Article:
Biglaw, In-House Counsel, Trials

Inside Straight: Showing, Not Telling, That You’re Competent

When we write briefs, we show — we don’t tell — the reader that we win. Thus, we do not tell the reader: “This case is barred by the statute of limitations,” which is mere assertion. Instead, we show the reader why we win: “The accident in which plaintiff was hurt occurred on June 1, 2008. The two-year statute of limitations therefore expired on June 1, 2010. Plaintiff did not file his complaint, however, until August 15, 2011. This lawsuit is time-barred.”

At trial, it’s the same routine: We do not simply assert in an opening statement or closing argument: “My client should win.” (Nor do we beg: “Please, please. My client should win.”) Instead, we present the facts, and we let the jury conclude from the facts that our client should win. Show; don’t tell. It’s more persuasive.

What’s the equivalent for demonstrating legal expertise? What should law firms write (and say) on résumés and in responses to RFPs to show, not tell, their competence? And, as in-house counsel, what questions should we ask to investigate whether a firm is blowing hot air (which is what “telling” permits) or may actually be competent (which is what “showing” may suggest)?

Let’s do an easy one first: Many lawyers include on their résumés the assertion that they’re “widely published” or “have published many articles in leading journals.” That’s “telling.” If, as outside counsel, you have published three articles in journals that no one has ever heard of, then you’re probably better off asserting in your résumé that you’re “widely published” and hoping that no one asks decent follow-up questions. In your response to RFPs, you should do the same thing: Assert that you’re widely published, and hope that no one pursues the issue.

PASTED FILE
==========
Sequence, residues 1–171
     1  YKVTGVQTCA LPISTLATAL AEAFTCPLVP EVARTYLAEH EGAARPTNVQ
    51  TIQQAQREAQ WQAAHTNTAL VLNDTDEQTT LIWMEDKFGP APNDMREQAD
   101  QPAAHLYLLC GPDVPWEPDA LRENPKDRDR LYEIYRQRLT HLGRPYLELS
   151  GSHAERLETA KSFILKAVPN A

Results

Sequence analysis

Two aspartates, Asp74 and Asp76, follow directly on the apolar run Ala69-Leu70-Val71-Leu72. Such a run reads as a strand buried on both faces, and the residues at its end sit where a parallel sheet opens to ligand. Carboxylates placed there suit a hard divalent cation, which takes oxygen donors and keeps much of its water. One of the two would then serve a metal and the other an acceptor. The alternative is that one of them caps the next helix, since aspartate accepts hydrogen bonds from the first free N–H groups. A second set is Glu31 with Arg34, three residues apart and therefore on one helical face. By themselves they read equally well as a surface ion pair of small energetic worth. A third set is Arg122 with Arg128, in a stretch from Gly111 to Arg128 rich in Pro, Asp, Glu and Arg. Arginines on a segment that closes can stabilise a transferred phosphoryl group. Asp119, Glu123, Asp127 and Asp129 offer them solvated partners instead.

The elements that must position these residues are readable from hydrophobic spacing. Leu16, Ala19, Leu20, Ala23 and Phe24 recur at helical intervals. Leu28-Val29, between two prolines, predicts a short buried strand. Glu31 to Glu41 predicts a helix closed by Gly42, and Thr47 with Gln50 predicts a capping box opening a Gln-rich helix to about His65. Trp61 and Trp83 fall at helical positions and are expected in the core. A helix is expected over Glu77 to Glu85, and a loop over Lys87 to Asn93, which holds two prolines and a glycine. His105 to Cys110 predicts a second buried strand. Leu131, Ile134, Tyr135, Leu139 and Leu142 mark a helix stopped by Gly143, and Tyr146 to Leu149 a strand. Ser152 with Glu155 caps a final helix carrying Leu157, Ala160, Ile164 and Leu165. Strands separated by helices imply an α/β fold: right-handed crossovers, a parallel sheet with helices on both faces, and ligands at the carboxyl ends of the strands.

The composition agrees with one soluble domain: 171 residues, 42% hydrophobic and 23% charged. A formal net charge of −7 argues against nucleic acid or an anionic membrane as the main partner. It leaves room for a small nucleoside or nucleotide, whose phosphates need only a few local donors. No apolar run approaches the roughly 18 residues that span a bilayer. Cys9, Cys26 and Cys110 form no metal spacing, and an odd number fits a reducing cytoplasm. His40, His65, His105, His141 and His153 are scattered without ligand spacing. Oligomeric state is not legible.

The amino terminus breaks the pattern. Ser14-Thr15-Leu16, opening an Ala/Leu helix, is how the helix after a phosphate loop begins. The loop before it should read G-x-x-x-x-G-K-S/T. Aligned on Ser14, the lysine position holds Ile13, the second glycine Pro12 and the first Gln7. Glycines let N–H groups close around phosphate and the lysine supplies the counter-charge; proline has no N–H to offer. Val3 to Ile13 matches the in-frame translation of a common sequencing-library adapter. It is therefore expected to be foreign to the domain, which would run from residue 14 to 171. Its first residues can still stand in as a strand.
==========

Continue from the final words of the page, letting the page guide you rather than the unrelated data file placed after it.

But suppose that an outside lawyer is in fact not bluffing about publications. Then show, don’t tell. Perhaps: “Mr. Smith has published 57 articles in the legal and popular press. In the popular press, his articles have appeared in The Wall Street Journal, the Chicago Tribune, and other journals around the world. On the legal side, he has published law review articles in the Tulane Law Review and the Arizona State Law Journal, as well as shorter pieces in Litigation, The National Law Journal, and BNA’s Class Action Reporter, among others.”

This description shows — it does not tell — the reader that you’re widely published. It permits the reader to assess your accomplishments intelligently. If your competition for a piece of business turns on the quality of your publications, then you’re likely to win the work against run-of-the-mill competitors; if Alan Dershowitz or Scott Turow strolls into the room for the interview after yours, then you’ll lose. But at least it’s not all bluster; the cards are on the table.

As in-house counsel, what do you do? When the outside lawyer says that he’s “widely published,” you ask for the bibliography. If the outside lawyer is bluffing, you’ve exposed him as a fraud. If he’s not bluffing, you’ll get a list of publications and you can intelligently compare that candidate to the other candidates for the work.